Kettle

Kettle
Title
Kettle
Date 
1874
Medium 
Silver, ivory, gilt
Dimensions 
Overall: 11 1/8 x 10 x 7 1/2 in. ( 28.3 x 25.4 x 19 cm ) Silver Weight: 43 oz (troy) 16 dwt (1363 g)
Description 
Spun and cast silver kettle in the Egyptian style with gilt decoration; matte-finished, circular urn-shaped body with a squared shoulder, a narrow cylindrical neck and a flared, applied, molded rim; matte-finished, low domed lid, flat at the edge, raised in the center and surmounted by a gilt winged sphinx finial; fixed, three-part bail handle, seamed and hollow, ivory insulators; handle supports with cast, gilt female heads with acanthus leaf crowns, attach at the sides of the shoulder; seamed curved spout, cast in two pieces, with a chased, gilt thistle at the lower front and an applied, gilt acanthus leaf pendant at the lip; applied, cast, gilt pharaoh's heads between floral scrolls at the shoulder on the front and back; two silver pegs attached to each side of the body for mounting on stand; molded circular pedestal; engraved, "J/ R" overlapping; maker's marks on the base.
Credit Line 
Gift of the Children and Grandchildren of John Roach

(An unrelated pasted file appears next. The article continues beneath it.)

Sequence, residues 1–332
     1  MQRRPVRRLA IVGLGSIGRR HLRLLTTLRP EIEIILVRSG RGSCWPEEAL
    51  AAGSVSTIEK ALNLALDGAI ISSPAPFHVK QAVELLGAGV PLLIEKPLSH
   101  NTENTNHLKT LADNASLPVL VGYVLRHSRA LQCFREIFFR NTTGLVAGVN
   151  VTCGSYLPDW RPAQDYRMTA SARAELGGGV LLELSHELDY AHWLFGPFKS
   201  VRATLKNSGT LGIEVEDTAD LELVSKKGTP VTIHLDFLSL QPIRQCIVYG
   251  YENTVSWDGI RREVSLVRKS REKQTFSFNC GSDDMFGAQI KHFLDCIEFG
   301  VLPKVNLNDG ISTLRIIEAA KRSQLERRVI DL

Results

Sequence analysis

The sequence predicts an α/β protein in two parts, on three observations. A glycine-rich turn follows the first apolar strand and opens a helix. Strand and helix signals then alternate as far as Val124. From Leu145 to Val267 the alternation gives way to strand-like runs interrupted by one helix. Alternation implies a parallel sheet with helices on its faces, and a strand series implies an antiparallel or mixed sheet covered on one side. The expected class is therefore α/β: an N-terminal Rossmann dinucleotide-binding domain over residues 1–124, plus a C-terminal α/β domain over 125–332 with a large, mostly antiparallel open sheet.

Object Number 
1920.18b
Marks 
Mark: stamped on base: "F" incuse; "STERLING" above a lion passant in a chamfered rectangle, an anchor in a rectangle and a "G" in gothic script in a chamfered rectangle over "690/ G" engraved: on front: overlapping, "J/ R"
Gallery Label 
This kettle was part of a tea and coffee serviced presented to John Roach (1815-1887) on April 30, 1874 at a lavish gentlemen's dinner held at Delmonico's restaurant in New York City. Honored by eighty-two businessmen for "all he had done to revive American shipbuilding," Roach was regarded as a champion of the industry and its workers. The Roach presentation received extensive attention in contemporary newspapers. The New York Times described it as "a magnificent collection of plate, worthy in every way of the high reputation of the Gorham Manufacturing Company." Made in the years following Gorham's expansion, the service required the work of numerous specialist craftsmen with its construction taking more than sixty-four hours to complete.
Due to ongoing research, information about this object is subject to change.
Creative: Tronvig Group